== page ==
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JamesCarroll
08-16-2002, 09:51 PM
I was watching a show about sharks and the scientist was saying that sharks were "cartiladgenous" (sp?); that they had no bones. But right behind him, nailed to the wall, were numerous shark jaws.

So I was thinking: Are sharks only MOSTLY boneless? What are their jaws and teeth made out of then?

Thanks!!

Colibri
08-16-2002, 10:29 PM
Cartilage is a tough material - basically gristle - it's just not as hard and rigid as bone. When it dries out it looks whitish. The shark jaws you saw were made out of cartilage. If you looked at them closely, you would see the difference from bone.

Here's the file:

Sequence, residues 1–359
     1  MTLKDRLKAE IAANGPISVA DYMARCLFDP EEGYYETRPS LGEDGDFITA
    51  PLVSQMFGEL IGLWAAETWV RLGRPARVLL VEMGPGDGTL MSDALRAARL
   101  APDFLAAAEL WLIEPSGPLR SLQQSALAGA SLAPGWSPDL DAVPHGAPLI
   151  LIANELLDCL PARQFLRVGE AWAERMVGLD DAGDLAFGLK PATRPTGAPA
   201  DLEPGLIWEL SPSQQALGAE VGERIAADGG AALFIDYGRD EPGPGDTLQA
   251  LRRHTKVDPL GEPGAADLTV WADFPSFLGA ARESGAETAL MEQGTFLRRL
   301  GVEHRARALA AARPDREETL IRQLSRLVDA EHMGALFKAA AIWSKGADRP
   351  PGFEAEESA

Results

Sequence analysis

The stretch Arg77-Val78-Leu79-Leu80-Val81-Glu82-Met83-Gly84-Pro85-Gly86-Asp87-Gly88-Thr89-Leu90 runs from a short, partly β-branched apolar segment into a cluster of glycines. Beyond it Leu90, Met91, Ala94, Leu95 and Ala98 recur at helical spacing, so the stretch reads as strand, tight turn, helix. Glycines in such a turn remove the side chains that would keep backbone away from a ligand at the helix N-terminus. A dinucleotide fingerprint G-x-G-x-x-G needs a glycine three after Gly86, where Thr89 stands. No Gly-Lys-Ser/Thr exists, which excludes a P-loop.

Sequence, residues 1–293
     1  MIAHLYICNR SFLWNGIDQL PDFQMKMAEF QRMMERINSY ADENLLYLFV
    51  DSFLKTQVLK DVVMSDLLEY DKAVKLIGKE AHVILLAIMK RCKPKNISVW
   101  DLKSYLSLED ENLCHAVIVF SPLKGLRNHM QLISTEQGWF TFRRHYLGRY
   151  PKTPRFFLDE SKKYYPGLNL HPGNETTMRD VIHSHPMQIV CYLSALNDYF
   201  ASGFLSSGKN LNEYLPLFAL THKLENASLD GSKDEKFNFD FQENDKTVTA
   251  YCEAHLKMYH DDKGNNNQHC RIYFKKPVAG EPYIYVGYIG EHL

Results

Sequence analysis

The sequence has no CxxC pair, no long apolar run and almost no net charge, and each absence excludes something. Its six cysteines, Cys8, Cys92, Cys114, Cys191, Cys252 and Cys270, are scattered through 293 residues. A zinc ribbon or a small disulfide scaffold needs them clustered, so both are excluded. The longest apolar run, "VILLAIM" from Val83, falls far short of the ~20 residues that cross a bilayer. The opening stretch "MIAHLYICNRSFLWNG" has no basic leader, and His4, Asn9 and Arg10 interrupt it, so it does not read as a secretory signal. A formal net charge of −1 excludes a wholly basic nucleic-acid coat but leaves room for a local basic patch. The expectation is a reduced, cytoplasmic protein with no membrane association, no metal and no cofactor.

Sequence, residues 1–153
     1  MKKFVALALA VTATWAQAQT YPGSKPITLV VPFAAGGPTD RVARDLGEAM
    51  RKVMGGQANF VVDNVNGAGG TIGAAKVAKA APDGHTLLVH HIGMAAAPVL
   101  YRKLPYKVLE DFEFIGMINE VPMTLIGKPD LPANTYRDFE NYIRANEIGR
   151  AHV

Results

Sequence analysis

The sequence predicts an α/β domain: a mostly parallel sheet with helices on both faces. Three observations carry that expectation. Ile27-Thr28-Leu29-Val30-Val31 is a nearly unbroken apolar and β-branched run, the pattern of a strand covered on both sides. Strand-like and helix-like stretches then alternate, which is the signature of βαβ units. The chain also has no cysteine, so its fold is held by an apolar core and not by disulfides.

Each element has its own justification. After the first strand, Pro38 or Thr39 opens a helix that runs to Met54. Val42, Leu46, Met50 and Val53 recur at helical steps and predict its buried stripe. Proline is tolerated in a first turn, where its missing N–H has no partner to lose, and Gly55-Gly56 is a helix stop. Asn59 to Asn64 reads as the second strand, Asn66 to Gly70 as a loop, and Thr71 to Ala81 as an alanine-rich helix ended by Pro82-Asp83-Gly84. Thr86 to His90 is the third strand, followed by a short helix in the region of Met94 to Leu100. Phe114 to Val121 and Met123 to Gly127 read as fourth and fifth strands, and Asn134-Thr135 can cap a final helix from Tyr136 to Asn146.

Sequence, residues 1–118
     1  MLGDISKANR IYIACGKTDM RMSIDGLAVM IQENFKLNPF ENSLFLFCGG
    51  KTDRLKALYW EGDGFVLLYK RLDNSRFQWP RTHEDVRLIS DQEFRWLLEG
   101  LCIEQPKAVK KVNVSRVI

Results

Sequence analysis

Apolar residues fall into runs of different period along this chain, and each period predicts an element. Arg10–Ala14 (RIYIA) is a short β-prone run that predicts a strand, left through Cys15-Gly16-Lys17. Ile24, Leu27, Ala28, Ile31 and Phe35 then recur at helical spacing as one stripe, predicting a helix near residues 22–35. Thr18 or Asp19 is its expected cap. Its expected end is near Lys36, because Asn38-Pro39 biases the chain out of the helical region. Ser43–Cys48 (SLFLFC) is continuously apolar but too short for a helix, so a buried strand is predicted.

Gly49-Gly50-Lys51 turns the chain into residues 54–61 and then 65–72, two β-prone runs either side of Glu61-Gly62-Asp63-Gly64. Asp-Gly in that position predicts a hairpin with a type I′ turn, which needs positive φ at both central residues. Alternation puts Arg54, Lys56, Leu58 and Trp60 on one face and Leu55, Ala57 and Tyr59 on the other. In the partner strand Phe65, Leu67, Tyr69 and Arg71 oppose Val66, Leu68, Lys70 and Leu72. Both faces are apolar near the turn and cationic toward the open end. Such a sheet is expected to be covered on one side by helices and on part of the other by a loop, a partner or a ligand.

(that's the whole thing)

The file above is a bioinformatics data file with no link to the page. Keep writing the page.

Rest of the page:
Sharks have skeletons - skull, jaws, backbone, fin girdles, etc, - it's just made out of cartilage, not bone. Their teeth are the same as those of other vertebrates, and made out of dentine and enamel.

In older sharks, cartilage can calcify, and then it resembles bone quite closely. However, the structure of the tissue still differs.

Colibri
08-16-2002, 10:33 PM
PS. Cartilage is what supports your ears and nose, and lines the joints between most bones. And a human infant's skeleton is still partly cartilaginous when it is born.

Darwin's Finch
08-17-2002, 05:35 AM
As an interesting side note, sharks are secondarily cartilaginous; their ancestors had boney skeletons.